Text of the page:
I respected Google, but they lost it all. Maybe one of Google's people will read this, and thinks.."let me see how I can help this guy"...that might change my mind. For now, they took my bread and water, and then blamed me for "invalid clicks", sorry sir we don't have to proof it, those are our rules.
Too bad to see a business like Google making such mistakes.
...I know 10000% sure there is no fraud...
I respect your honesty and expect that you are right when it comes to you clicking ads, but how do you "know 10000%" that others were not committing fraud on your site? Google doesn't care who does it, they just close the account of the site where it happened -- with little notice unfortunately.
Kind of like discussing religion and politics... Completely biased.
Kind of like discussing religion and politics... Completely biased.
And just as unlikely to change anyone's mind.
It's probably because of the success of AdSense for most publishers that termination from the program causes so much grief. If I were kicked from Amazon I wouldn't give a hoot, but AdSense is a completely different ballgame for a lot of us, and regrettably we're at the mercy of the powers at Google if it comes down to perceived invalid clicks.
While there are some things that we, as concientious webmasters in the AdSense program, cannot do anything about when it comes to invalid clicks, I remain convinced that it is mostly within our control. In other words, it's a 90/10 percentage split in favour of the webmaster when it comes to reasons for invalid clicks.
The notion that Google should be concerned about alienating publishers whose sites don't convert - that is, those who offer advertisers little to nothing for their ad dollars - is interesting. I understand why a publisher whose site produces traffic with little commercial value might like AdSense revenue, even if the advertisers are effectively paying for nothing. But that's a losing proposition for Google and its advertisers, and I doubt that they'll lose any sleep if all of the publishers of low-conversion sites collectively quit AdSense tomorrow.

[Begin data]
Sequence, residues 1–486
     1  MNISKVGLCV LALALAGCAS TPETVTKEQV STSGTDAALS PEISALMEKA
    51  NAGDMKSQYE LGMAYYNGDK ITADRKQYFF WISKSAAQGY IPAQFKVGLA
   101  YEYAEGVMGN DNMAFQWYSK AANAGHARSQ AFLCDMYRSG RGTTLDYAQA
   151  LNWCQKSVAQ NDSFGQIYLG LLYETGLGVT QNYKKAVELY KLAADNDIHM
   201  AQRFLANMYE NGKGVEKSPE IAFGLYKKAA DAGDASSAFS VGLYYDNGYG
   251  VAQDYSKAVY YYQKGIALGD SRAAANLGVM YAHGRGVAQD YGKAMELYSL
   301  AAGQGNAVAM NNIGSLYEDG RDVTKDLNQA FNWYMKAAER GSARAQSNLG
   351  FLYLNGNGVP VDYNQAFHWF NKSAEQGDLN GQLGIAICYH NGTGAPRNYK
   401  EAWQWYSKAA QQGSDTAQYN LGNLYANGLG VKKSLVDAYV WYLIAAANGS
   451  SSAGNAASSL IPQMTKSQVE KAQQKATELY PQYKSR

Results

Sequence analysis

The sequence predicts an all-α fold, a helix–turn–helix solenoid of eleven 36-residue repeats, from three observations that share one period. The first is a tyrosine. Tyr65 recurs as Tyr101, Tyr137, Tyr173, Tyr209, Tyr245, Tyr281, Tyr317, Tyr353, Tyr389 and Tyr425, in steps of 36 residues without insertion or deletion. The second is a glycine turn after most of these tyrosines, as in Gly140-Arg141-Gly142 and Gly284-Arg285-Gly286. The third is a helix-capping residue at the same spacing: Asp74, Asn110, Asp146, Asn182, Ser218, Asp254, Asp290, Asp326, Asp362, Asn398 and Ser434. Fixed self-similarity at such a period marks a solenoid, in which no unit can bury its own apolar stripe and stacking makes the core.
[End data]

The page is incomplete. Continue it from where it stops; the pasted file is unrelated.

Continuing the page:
From what has been posted in this forum, for the most part Google has been very good about entertaining appeals from those who believe their accounts were wrongfully terminated. And while, as would be expected, appeals aren't always successful, some have been. If you can make the case that your termination was wrongful, make it with Google.
A lot of the complaints against Google remind me of the complaints I used to hear about dmoz from terminated editors. It is amazing how different their accounts of termination can be from the actual facts. Google's in this to make money. I am happy to take individual stories of injustice at face value, but I take the collective notion of mass injustice with a really big grain of salt.
when jumping from one site to another, we will always see some sites break the TOS of Adsense seriously, without any punishment. For example, a few days ago, I saw a website displays nine (9) Square ADs on one page, with same AD contents. Ha?
Just because those sites are there today, doesn't mean they will be active tomorrow, or next month.
Nothing really unfair about that. Sometimes people break the rules. Some people just get caught sooner than others.
The people that are blatantly breaking the TOS don't get some sort of "special treatment", they just haven't been caught yet.
I'm pretty new to this group, but I'm with Adsense for last 9 months. Well, this is the 2nd time that my account got disabled. 1st. time they said it was for hits on my site from robots or program generated and this time they said it's for 'invalid clicks'!
I really doubt about the Google's mechanism for finding out hits/clicks as neither I had any robot to generate hits nor I did any fraudulant click! This is really sick policy from a $$$$ billion company! At the same time I agree that there's no point fighting with them as nothing will happen with that; they will keep on abusing their power!